Picture this: I'm in 7th grade, and lost. Totally lost. I've somehow lost all of my friends in one of those classic junior high sweeps that no one ever sees coming or ever truly understands. But, here I am, in English, browsing the small collection of books my teacher, Mrs. Wissing, keeps in the classroom. I pick up Homecoming, which is thick, and probably has Wissing written in marker on the side. I read it, and it changes the way I see books forever.
And then I read it again. And again. I keep if for far longer than I should. It is months before I even pick up Dicey's Song, which is the second book in the cycle. There are seven books, but it was only very recently that I finished them. In 7th grade, Homecoming was all I needed.
It's not that I hadn't been a reader before this. I had. I'd read good books, but I had never read anything like this. I had never read something so straightforward, so sad, so hopeful, so deeply, brutally honest. Reading Homecoming opened my eyes to perfection of imperfection of story. It's a sad story, without glamour. Four children are abandoned by their mother and walk from Connecticut to Maryland to find their grandmother. They're poor, and there's no rich relative waiting for the right moment to appear. There's a sister who is possibly autistic, and there's no miraculous recovery. Dicey has short hair and often gets mistaken for a boy, and she never gets a makeover. But there's hope; there's so much hope.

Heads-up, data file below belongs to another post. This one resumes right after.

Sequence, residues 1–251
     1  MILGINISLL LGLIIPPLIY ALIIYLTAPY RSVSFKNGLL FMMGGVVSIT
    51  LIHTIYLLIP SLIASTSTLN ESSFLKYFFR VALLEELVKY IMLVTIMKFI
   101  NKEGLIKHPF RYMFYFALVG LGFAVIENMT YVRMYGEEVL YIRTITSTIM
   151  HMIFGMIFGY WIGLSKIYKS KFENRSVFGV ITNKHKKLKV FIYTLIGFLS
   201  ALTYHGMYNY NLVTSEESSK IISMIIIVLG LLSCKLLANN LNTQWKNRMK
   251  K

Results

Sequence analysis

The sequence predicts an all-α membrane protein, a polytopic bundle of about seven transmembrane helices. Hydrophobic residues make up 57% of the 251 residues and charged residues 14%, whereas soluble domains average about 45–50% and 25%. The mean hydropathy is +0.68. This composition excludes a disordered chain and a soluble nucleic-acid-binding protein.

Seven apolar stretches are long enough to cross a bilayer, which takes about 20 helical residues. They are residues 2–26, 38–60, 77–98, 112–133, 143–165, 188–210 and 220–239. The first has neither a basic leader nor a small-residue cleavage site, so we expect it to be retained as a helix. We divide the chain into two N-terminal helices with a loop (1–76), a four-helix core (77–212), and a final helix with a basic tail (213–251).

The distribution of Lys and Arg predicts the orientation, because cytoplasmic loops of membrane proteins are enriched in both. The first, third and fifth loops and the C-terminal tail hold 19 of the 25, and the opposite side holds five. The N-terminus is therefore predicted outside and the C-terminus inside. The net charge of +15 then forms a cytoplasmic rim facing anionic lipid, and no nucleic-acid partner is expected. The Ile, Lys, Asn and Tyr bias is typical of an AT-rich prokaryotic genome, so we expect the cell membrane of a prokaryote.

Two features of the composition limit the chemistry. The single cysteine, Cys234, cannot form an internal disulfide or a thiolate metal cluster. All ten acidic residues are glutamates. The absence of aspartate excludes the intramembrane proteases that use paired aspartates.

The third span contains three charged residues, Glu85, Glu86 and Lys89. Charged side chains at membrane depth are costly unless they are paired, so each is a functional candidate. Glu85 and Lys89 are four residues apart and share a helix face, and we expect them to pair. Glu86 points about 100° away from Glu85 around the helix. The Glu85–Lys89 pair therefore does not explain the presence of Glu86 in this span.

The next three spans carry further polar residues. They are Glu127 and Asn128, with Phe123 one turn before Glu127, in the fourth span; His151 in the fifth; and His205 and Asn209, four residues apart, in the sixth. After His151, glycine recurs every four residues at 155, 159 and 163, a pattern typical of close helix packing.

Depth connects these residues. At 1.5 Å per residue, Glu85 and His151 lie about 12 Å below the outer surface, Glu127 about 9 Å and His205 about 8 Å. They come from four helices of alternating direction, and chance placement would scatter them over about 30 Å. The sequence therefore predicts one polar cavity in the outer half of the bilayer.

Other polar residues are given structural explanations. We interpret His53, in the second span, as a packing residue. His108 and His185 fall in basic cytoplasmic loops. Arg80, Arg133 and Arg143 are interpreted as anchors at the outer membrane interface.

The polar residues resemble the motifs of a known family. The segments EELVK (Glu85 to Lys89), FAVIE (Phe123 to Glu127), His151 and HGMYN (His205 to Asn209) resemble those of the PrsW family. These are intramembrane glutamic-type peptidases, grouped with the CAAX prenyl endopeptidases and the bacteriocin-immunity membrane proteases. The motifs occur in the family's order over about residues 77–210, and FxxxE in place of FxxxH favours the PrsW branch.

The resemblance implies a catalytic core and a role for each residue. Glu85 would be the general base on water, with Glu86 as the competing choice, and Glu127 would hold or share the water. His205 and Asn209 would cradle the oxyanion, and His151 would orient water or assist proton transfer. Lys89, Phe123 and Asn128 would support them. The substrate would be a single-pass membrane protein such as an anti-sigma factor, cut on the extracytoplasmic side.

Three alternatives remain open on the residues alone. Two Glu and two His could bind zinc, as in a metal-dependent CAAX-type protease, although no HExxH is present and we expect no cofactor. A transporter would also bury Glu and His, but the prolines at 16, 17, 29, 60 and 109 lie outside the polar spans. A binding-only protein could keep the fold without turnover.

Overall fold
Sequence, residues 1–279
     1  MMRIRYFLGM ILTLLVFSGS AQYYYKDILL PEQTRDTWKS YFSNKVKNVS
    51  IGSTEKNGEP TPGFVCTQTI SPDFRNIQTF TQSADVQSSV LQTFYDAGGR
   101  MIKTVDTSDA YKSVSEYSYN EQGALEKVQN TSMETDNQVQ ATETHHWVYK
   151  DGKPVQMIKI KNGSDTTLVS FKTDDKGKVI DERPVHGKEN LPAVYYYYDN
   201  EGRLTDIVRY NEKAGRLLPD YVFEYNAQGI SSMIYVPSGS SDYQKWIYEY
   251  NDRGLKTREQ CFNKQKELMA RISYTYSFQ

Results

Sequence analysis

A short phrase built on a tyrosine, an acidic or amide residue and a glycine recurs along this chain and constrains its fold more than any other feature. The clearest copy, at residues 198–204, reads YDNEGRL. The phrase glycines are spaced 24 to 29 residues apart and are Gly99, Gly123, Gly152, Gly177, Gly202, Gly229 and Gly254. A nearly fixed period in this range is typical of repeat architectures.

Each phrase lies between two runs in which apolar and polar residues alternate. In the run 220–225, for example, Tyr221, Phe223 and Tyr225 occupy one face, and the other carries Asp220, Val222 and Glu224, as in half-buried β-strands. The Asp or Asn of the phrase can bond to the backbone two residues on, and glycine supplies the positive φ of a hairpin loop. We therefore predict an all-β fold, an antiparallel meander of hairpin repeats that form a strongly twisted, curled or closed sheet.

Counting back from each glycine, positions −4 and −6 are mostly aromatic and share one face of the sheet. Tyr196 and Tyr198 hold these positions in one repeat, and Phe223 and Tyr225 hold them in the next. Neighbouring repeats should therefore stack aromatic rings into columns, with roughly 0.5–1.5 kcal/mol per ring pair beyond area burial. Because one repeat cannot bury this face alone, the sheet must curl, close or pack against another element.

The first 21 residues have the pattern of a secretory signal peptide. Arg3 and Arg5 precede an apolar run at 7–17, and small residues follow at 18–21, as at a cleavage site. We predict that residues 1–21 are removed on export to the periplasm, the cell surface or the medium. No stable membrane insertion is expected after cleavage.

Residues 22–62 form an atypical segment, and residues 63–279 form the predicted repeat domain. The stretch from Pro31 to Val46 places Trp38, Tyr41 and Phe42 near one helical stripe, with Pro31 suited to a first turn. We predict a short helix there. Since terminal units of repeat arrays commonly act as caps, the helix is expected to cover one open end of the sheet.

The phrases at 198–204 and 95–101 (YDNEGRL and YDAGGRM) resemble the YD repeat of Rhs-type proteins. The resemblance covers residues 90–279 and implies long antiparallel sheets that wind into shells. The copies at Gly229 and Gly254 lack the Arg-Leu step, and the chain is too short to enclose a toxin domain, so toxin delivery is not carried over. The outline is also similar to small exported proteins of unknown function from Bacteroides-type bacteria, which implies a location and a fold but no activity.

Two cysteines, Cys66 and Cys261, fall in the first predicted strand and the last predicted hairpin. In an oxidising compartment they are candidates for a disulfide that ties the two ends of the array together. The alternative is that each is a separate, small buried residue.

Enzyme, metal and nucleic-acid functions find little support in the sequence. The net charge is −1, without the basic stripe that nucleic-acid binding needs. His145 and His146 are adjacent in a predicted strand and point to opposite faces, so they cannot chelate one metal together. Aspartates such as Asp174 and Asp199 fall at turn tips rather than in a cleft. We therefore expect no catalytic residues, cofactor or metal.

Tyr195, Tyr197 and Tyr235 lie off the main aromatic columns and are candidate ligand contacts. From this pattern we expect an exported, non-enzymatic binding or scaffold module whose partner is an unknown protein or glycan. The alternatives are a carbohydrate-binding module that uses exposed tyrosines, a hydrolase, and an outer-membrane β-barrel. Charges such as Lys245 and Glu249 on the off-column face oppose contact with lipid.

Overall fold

Which is what, I suppose, I responded to. The idea that hope isn't something that's given to you, it's something that you make.
I believe this too. I can't remember if my plucky optimism and rock solid belief in personal reinvention pre-dates this book. Just for argument's sake, let's say it doesn't. Let's say that at twelve years old, I read this book and internalized this lesson. That sometimes your story is bleak. That sometimes it feels like thread unspooling. But, that there's always a horizon. That it takes all summer, and it's scary and it's hard, and you don't move forward because you want to but because you have to. But you move forward. If that's so, if that's what Homecoming taught me, then it is the most important book I have ever read.